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    Imagine a worldwide community of schools, educators and students with a shared mission to empower young people with the values, knowledge and skills to create a better and more peaceful world. This is the International Baccalaureate (IB).

    IB programmes aim to provide an education that enables students to make sense of the complexities of the world around them, as well as equipping them with the skills and dispositions needed for taking responsible action for the future. They provide an education that crosses disciplinary, cultural, national and geographical boundaries, and that champions critical engagement, stimulating ideas and meaningful relationships.

    The first IB programme, the Diploma Programme (DP), was established in 1968. It sought to provide a challenging yet balanced education that would facilitate geographical mobility by providing an internationally recognized university-entrance qualification, but that would also serve the deeper purpose of promoting intercultural understanding and respect.

    With the introduction of the Middle Years Programme (MYP) in 1994 and the Primary Years Programme (PYP) in 1997, the IB identified a continuum of international education for students aged 3 to 19. The introduction of the Career-related Programme (CP) in 2012 enriched this continuum by providing a choice of international education pathways for 16- to 19-year-old students.

    These four IB programmes can be implemented independently or in combination. They are all underpinned by shared values and a shared emphasis on developing students who are lifelong learners and who are able to not only make sense of, but to make a positive impact on, our complex and interconnected world. These aspirations are summed up in the IB’s ambitious mission.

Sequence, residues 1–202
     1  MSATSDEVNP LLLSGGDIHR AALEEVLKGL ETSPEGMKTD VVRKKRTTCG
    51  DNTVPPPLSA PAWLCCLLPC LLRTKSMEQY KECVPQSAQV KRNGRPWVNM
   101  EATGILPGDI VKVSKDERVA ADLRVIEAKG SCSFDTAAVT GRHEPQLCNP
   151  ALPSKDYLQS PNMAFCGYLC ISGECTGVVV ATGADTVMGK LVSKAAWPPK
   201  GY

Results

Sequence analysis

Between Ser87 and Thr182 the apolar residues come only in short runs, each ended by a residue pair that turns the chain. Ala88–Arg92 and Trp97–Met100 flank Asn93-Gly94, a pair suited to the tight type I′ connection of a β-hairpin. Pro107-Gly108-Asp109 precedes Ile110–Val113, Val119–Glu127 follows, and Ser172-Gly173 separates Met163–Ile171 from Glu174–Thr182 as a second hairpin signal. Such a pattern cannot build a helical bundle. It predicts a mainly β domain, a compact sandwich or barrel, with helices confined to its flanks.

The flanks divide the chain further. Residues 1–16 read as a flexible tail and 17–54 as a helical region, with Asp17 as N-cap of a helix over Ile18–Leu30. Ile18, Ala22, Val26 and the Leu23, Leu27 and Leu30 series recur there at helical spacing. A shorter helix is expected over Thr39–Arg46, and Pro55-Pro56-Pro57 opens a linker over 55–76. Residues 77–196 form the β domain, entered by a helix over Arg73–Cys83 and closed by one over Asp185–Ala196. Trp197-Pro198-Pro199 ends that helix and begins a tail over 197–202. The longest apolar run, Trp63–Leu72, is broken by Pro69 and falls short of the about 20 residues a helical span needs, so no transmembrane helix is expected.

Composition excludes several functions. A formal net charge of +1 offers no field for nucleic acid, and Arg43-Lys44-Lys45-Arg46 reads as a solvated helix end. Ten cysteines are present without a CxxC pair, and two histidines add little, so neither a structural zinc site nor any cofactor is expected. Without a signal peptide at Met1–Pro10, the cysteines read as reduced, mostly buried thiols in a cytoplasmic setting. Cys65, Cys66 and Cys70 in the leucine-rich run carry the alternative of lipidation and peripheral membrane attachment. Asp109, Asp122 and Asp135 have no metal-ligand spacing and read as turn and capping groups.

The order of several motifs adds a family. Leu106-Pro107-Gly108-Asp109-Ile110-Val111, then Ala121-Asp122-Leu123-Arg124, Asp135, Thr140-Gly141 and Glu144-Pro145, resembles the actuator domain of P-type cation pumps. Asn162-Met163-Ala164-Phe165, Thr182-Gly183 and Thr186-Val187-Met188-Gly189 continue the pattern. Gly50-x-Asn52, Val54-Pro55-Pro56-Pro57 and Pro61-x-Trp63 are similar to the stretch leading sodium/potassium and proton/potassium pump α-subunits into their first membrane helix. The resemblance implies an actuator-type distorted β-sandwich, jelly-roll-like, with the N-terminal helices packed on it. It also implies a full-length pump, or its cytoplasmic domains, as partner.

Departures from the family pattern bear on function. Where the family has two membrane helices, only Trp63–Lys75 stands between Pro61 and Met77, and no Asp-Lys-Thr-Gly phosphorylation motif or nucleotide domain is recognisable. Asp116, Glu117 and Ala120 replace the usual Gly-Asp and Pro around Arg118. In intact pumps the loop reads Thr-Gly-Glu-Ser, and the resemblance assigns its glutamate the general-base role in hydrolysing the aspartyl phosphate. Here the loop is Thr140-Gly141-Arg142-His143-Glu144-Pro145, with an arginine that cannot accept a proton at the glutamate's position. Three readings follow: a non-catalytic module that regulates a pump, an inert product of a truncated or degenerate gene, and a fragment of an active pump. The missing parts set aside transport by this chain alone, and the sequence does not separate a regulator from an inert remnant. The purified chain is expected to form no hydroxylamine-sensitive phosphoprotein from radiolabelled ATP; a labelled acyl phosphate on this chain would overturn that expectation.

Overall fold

"The International Baccalaureate aims to develop inquiring, knowledgeable and caring young people who help to create a better and more peaceful world through intercultural understanding and respect.   To this end the organization works with schools, governments  and international organizations to develop challenging programmes of international education and rigorous assessment.  These programmes encourage students across the world to become active, compassionate and lifelong learners who understand that other people, with their differences, can also be right."

    Written primarily for educators,What is an IB education? provides an overview and explanation of our educational philosophy. It explains how our mission and philosophy shape and drive our programmes.To do so, it explores four foundational and interrelated elements that are central to all IB programmes.

               1. International-mindedness

               2. The IB learner profile

               3. A broad, balanced, conceptual and connected curriculum

               4. Approaches to teaching and learning